“Well, that plan backfired, Clay, because I don’t trust you now. I don’t understand what you could’ve possibly gained from breaking into my home. You have no idea how scared I was that night, you have no idea what I went through. I went to bed every night for days worrying about someone breaking in and hurting me. Every noise, every gust of wind…I was terrified. And now to find out it was you all along. I don’t know how to move past that. I don’t know how to accept what you’ve done.”
He stared at her, hurt filling his eyes. “I’m sorry. It was stupid. I know that. I felt like I had no choice.”
“No choice?” she demanded. “What is that supposed to mean?”
“I needed to get close to you, Peighton, like I’ve told you. I needed you to trust me. I didn’t know how to do that when you’d just lost your husband. I didn’t know how to push myself into your life except to…well, to physically push myself into your life. I thought if I came to your rescue, so to speak, you’d trust me. I wanted to show you that I meant you no harm, but I needed in that house.”
“Because of Beelzebub? And your wife?”
“Yes,” he admitted.
“I feel like we’re just going to keep having this fight over and over. How much of our relationship is a lie? How many more secrets are we going to have to deal with?” she asked.
“Just that. You know everything now. I’m not hiding anything else from you. I was serious when I said I want to start this with a clean slate. I want to be with you. I don’t want anything I’ve done to mess that up. I’m serious about you…about us. Everything before this…if I could take it back, I would. But then again, maybe I wouldn’t…because that would mean there would be a chance we wouldn’t be here, right now. And, even here, even fighting with you, is better than never knowing you, never getting to know you…never loving you, Peighton. If this is it, if you can’t forgive me for what I’d done before we ever even had our first real conversation, then I get it. I can’t blame you. But I’m asking you to really, really think about whether it’s worth it. Because, if you feel about me the way I feel about you, nothing, not a thing in hell, could be worth walking away from this.”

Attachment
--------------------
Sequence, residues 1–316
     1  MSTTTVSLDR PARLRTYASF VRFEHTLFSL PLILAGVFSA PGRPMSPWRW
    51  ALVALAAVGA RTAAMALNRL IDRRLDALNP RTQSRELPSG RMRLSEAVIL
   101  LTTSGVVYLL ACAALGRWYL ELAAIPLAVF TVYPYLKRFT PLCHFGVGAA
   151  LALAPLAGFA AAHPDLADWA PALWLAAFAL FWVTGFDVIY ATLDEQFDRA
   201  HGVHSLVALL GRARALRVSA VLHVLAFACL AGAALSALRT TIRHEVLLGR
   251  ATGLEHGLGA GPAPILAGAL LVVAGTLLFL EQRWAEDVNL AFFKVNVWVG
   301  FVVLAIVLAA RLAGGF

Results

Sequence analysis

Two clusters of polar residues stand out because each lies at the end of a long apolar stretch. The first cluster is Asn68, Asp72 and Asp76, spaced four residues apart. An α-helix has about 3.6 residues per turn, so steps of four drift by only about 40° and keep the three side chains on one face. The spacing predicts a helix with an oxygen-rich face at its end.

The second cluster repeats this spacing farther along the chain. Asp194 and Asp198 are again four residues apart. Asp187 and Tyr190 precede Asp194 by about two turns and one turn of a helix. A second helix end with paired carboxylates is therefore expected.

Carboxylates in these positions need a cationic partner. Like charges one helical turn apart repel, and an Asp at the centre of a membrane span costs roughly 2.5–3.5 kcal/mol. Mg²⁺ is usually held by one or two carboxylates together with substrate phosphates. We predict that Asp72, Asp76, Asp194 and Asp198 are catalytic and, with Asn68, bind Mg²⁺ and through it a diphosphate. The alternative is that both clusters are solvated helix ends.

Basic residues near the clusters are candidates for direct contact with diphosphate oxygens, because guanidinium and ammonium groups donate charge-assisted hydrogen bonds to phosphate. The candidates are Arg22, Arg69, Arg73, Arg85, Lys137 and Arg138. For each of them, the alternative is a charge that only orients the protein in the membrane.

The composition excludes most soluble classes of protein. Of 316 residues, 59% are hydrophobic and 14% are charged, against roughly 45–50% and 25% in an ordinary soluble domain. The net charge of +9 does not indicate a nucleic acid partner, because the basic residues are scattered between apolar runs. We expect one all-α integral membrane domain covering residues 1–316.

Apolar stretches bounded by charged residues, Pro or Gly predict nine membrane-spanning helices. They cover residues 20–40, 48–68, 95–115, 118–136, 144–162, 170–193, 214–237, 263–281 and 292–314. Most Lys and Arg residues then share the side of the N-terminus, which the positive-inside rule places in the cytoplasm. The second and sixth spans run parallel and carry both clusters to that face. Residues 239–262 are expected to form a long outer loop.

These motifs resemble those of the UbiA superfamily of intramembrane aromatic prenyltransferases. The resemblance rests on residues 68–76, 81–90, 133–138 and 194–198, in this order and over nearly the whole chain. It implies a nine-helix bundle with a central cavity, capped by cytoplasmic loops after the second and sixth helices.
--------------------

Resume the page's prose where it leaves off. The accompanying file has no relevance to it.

She stared at him, watching him literally shaking as he spoke to her. She saw the passion in his eyes, believed every word that poured out of his mouth. The panic in his expression, the redness of his cheeks…she wanted nothing more than to run to him, to assure him that she wasn’t going anywhere, but she remained still.
“You fell in love with me?” she asked cautiously.
“I did,” he confirmed.
“I don’t know what to say,” she said, trying hard to maintain her composure.
“I know what I want you to say,” he said honestly, “but I can’t make that decision for you. You have to do what’s right for you, Peighton.”
“I don’t know, Clay,” she said, staring around the room.
He walked to her, putting his hands on her shoulders. “Do you trust me?”
“You lied to me.”
“That’s not what I asked you.”
“You broke into my house.”
“Peighton,” he said firmly, “that’s not what I asked you. Do you trust me?”
“Yes,” she said finally, her voice leaving her without conscious thought.
“Then what else matters?” he asked, rubbing his thumbs across her shoulder blades.
She shook her head. “I’m in love with you too,” she said.
His eyes went soft, and he looked as if the wind had been sucked out of him. “That matters,” he said, his voice quiet.
“Yes,” she agreed. “That matters.”
For a moment, they both stared at each other, neither of them moving. When a small tear escaped, trailing down her cheek, he leaned in to kiss it away. She closed her eyes, feeling his lips on her skin. She turned her head slightly, allowing their lips to meet. It was a gentle kiss, full of the weight of what had just happened. Everything from that moment, she knew, would change.
She opened her mouth slightly, allowing him to kiss her deeper, yet they remained slow. She was in no hurry. They were in love, she reminded herself, the thought warming her insides. She threw her arms around him, locking her hands together behind his neck. A smile spread across her face, ending their kiss. He pulled away, smiling back at her.
“Everything okay?” he asked.
“Everything’s perfect,” she told him, and for the moment, it was.